Preparation is key for triathletes

In the most recent New York City triathlon, two competitors died because of injuries incurred during the swimming event. While this should not discourage triathlon participation, it is a reason for caution.

Triathlon competitions are a combination of swimming, cycling and running in a single event. The most well-known event is held each year in Hawaii and consists of a 2.4-mile swim, 112-mile bike ride and a 26.2-mile run.

These events are more popular when distances are shortened. The New York event is made up of a 0.9-mile swim, 24.8-mile bike and 6.2-mile run. These shorter distances allow for broader participation, in regard to age and ability.

Recent studies show the death rate for triathletes is twice that of marathon participants. In a 2010 study published in the medical journal, JAMA, where 14 deaths from triathlons were analyzed, 13 of these occurred during the swim portion of the event while the other resulted from a bike accident.

Autopsies revealed the majority of those who died had cardiac abnormalities. Autopsy reports are unavailable for the two most recent triathlon deaths, although the cause of death is presumed cardiac in origin.

While the number of deaths in triathlon is relatively small (15 deaths per million participants), efforts should be taken to make these events safer. Physical examination of each athlete before an event is not practical, but all participants should be examined annually by their personal physician to determine if it is safe to participate in extreme events like triathlons.

The mass start of the swim event makes collisions inevitable and impedes the ability to reach an injured athlete. Staggered starts should be considered.

Triathlons are a great way to crosstrain and remain physically fit. Adequate preparation must include a thorough medical evaluation at any age.

Heat stroke is an avoidable tragedy

Seven young athletes have already died in the United States this month; most of these deaths were the result of exertional heat stroke (EHS). High school football camps will begin this week in the northeast and it is imperative that athletes, coaches and parents are aware of the early symptoms and treatment of EHS.

EHS, along with heat exhaustion and heat cramps, are part of a group of conditions known as heat-related illnesses. EHS is the most severe in what is a succession of events that can result in death without prompt intervention.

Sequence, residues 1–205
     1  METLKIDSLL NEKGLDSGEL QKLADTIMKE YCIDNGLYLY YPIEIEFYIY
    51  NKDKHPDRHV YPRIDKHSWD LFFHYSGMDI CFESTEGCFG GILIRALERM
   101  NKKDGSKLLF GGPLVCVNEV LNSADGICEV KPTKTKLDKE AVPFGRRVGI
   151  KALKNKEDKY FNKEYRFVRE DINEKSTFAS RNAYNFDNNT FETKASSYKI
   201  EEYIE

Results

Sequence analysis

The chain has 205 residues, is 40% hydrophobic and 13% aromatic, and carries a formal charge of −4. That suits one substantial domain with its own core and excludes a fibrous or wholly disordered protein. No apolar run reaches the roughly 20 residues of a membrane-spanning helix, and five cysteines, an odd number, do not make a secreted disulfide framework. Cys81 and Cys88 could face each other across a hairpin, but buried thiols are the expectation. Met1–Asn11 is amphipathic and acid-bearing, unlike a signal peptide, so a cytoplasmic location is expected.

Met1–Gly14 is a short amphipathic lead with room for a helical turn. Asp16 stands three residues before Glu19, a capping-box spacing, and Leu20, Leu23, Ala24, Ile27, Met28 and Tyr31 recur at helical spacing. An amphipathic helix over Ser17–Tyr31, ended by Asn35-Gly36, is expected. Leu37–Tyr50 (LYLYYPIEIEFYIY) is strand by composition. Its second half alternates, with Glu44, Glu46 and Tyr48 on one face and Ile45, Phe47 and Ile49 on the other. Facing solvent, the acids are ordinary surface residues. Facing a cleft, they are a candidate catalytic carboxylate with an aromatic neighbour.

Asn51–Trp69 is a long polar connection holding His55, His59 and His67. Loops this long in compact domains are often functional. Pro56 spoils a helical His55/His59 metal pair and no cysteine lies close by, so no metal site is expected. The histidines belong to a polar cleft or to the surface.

Most athletic activities in warm climates will easily get an athlete’s body temperature to 102 degrees Fahrenheit from the norm of 98.6. As the body approaches 105, sweating stops and the athlete will begin to experience headache, nausea, lightheadedness and confusion.

Treatment consists of rapidly lowering the body temperature. Certified athletic trainers are familiar with a protocol that requires the athlete to be immersed in an ice bath before transport to a hospital. The results are dramatic and lifesaving.

“We are now seeing more EHS since athletes spend most of the off season training in air-conditioned environments,” said Dr. Douglas Casa, a professor at the University of Connecticut and a recognized expert in heat-related illnesses. “This doesn’t allow their bodies to acclimatize to the warmer temperatures.” He also believes the increased size of athletes plays a significant role in EHS.

EHS can be prevented by following these simple steps:

• Gradually acclimatize to warmer temperatures before full workouts begin. The most vulnerable period is the first five days of practice
• Athletes should report early symptoms to a knowledgeable coach or an athletic trainer.
• An ice bath should be easily accessible for emergency use.

Early tips to ward off childhood obesity

Childhood obesity continues to be a growing worldwide problem. It results in the early onset of many chronic conditions not typically seen in children like type 2 diabetes, high blood pressure, elevated lipids and heart disease. It may also lead to significant depression and poor self-image.

Recent calls for obese children to be removed from their homes emphasize the parental responsibility of overseeing that children are physically fit. A program should begin at infancy and proceed through scholastic sports.

Infant programs typically involve both parents and children. Swim classes introduce infants to aquatic activities while making them safer around bodies of water. Parent-child groups that include a combination of walking and stretching have become popular from both fitness and social perspectives.

Youth sports are often a child's first introduction to team sports and the advantages and disadvantages that go along with these activities. In the past, youth sports were a playground and sandlot activity. Now they are subject to parental coaches, uniforms and draft systems to choose the most talented players.

Team competitive sports may not be the best choice for some children. Individual activities such as swimming, running, martial arts and cycling can be a better alternative. Multiple activities help develop a broader interest and utilize different muscle groups. Specializing in one sport at an early age may lead to disappointment. Many successful athletes played multiple sports and some were drafted professionally in more than one sport.

As academic and social pressures increase in high school and college, sports become an outlet for expression and relaxation. Unfortunately, it is at this stage when a sense of perspective should be reinforced. Injuries must be monitored and treated properly, but are often the end of promising careers.

Choosing and supporting a child's participation in sports is important for proper physical and mental development.